Title: Sunday’s Child (Geoffry Chadwick Misadventures #1)
Author: Edward O. Phillips
Publisher: ReQueered Tales
Release Date: July 16th 2019
Genre(s): Mid 20th Century Gay Life; Maturing Queer
Page Count: 243 pages
Reviewed by: Bob-O-Link
Heat Level: 1 flames out of 5
Rating: 5 stars out of 5
Lawyer Geoffry Chadwick is 50, Canadian, single, gay and, after a brief struggle with a hustler who tries to shake him down, a murderer. Herein lies the device for this macabre, funny, first novel. Although Geoffry must dispose of the body—which he does by dropping off sections of it around town at night—the trauma of the murder affords him the opportunity to reminisce and ruminate: on the recent termination of his affair with a history teacher; on the not-so-recent deaths of his wife and daughter; on the alcoholism of his mother; on growing old; on being gay. The visit of a nephew and the New Year’s festivities only serve to intensify his thoughts. Although Chadwick is abrasively disdainful early on, he is fascinating when he loosens up. Phillips keeps the reader hopping with throwaway quotations from Donne and scatalogical references and puns.
This edition includes an exclusive 2019 foreword by Alexander Inglis.
A Books in Canada Best First Novel Finalist 1981
Bob-O-Link’s Aside No 1: Notwithstanding the Blurb, above, a better and more extensive introduction to Sunday’s Child is found in the new edition’s Forward, by Alexander Inglis, which, of course, also serves up a truly rave review. The problem – one must access the novel to get the Forward – unless you cleverly read over a friend’s shoulder.
Despite the rampant hubris in much of today’s gay society, after God rested on the seventh day many of us did not promptly march down Christopher Street well-armed with banners and attitude. So, though old enough when Sunday’s Child was first published in 1981, either I missed reading it, or there wasn’t sufficient light in my closet permitting me to do so.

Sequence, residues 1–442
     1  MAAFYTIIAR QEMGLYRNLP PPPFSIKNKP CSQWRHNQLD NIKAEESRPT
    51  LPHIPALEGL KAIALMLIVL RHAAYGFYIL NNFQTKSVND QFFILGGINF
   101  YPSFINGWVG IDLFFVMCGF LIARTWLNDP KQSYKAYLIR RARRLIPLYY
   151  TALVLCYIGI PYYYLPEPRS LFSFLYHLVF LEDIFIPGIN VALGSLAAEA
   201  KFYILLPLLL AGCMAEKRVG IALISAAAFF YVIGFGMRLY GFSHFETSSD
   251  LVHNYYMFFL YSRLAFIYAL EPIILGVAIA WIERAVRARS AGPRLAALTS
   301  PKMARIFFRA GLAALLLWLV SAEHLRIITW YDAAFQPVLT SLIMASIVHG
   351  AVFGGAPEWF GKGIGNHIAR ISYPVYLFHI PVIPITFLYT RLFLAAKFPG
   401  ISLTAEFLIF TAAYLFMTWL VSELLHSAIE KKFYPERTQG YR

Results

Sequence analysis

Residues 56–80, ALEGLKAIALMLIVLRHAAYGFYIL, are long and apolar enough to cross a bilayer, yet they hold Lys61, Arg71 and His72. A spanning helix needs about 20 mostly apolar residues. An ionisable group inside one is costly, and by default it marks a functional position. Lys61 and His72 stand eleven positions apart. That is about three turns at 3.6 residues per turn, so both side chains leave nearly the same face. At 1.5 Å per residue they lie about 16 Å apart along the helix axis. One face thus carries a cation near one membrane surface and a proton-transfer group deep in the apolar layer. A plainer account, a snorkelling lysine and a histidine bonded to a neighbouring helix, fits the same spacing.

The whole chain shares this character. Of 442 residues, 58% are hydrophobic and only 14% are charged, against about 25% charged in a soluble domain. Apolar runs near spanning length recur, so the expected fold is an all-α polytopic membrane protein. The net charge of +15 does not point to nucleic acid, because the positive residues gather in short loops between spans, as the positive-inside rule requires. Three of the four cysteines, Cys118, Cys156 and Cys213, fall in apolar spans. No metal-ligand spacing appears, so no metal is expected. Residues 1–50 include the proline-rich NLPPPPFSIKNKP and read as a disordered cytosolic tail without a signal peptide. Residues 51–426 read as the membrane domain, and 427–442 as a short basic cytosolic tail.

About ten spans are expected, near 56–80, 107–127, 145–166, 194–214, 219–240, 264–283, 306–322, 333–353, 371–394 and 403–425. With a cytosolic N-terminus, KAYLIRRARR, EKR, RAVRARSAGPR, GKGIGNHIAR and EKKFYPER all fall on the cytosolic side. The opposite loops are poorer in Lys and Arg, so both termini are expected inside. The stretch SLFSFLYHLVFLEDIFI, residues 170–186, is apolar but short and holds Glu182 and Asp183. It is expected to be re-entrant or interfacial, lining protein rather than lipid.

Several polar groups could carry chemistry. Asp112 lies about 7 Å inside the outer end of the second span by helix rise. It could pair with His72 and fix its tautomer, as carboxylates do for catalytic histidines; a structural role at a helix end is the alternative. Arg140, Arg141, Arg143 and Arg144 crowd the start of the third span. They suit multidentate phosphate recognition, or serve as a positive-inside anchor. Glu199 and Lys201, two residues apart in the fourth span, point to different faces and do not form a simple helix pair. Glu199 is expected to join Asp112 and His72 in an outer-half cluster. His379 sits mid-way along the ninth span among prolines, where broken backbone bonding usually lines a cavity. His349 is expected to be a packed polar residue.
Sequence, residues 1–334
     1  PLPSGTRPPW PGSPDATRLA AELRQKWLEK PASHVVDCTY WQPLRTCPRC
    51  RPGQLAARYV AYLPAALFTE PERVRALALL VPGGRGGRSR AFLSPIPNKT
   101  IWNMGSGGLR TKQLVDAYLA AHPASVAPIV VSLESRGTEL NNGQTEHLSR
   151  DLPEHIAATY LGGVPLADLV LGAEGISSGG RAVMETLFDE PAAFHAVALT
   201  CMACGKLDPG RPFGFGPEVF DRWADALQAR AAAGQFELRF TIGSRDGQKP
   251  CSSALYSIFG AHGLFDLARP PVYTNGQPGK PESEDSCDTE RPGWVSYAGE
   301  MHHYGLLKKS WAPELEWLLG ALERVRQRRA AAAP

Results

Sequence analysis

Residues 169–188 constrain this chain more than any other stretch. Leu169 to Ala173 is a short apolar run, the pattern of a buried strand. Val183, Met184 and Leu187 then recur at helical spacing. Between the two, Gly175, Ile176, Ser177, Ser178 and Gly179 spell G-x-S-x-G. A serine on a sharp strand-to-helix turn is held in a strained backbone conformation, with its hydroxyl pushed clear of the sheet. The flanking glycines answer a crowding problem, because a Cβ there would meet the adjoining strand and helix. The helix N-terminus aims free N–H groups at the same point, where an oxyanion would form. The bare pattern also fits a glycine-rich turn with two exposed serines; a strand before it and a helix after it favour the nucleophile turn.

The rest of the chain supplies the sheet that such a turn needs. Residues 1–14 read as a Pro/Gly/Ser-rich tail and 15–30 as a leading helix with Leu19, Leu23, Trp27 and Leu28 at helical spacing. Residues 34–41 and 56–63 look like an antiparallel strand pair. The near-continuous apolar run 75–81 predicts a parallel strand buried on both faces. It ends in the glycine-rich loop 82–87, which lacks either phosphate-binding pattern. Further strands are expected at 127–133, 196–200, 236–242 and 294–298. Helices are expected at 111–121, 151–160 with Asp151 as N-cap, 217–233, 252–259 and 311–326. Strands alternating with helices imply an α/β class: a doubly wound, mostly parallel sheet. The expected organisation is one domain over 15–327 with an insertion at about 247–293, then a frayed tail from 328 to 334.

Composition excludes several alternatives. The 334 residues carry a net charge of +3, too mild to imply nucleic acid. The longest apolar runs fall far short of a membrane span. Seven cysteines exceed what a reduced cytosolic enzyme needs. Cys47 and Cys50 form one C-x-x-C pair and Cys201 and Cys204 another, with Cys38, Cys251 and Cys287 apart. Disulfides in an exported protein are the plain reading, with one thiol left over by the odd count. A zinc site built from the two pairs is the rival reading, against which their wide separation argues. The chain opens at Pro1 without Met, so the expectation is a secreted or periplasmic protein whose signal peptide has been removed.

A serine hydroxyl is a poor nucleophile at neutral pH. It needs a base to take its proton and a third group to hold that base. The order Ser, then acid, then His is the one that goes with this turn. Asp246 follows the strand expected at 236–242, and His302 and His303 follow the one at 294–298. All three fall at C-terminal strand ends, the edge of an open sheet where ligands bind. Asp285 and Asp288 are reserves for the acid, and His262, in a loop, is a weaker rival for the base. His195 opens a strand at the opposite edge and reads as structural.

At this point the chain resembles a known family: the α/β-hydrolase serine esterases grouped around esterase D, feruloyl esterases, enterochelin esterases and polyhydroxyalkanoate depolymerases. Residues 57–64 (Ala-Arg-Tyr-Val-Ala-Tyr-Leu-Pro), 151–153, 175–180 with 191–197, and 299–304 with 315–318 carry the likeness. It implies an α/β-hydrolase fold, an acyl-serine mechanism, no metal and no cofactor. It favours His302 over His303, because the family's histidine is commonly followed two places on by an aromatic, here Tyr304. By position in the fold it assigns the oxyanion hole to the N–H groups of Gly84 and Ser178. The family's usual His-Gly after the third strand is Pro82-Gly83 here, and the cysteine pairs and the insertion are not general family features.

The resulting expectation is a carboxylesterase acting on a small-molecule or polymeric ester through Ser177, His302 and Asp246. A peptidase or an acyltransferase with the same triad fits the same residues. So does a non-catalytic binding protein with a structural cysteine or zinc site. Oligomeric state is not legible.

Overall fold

This marvelous novel is easily capable of taking us back 50 years into history (a gay life time!), when we suffered antediluvian prejudices and spoke to each other with effeminate terms (“Get you, Mary”) and so many gays still pretentiously emulated the “Queen’s” English. This novel is, as they might have said, quite a hoot!
There can’t be many new books with quite so much elan as Sunday’s Child, with its constant, brilliant repartee and the sparkling aphorisms that quite perfectly fit the contexts. The smart language appeals to our intellectual natures – or persuades us that we are much brighter than we know ourselves to be.
And then the book’s the tone acutely changes, and we find ourselves into a detailed chapter in which Geoffry ended of his long-term affair with married Christopher. Much as the author has intimately familiarized us with our hero, we now have a deeper and more touching reveals of a genuine person. Those same dabs of a witticism become throw cloths to disguise his impending loss and pain.
So few write as smartly as Mr. Philip. The story line seems but a convenient hangar onto which he drapes his writing skills. The quality of bon mots and aphorisms are not strain’d, but droppeth as the gentle rains!
Ex. 1: “She turns on and off like a dishwasher.”
Ex. 2: “Yes, Santa Claus, there is a Virginia.”
Ex. 3: “He was a true Christian who found it impossible to believe in God.”
Ex. 4: “Being grown up means never having to say you’re sorry.”
And, giving in to my wont for using quotes to prove my opinion and to close the sale:
Ex. 5: “No thanks. I already know that my Redeemer liveth, and when the trumpet shall sound I would prefer it be in someone else’s ear. The last time I went to the Messiah I fell asleep and was apparently the only member of the audience who didn’t stand during the Hallelujah Chorus.”
Not to worry, there is so much more!
Bob-O-Link’s Aside No 2: ReQueered Tales has embarked on a task to save years of old gay and lesbian mystery fiction from becoming obscure. Given their proposed list of future editions for re-issuance, please keep them in mind for your vast enjoyment.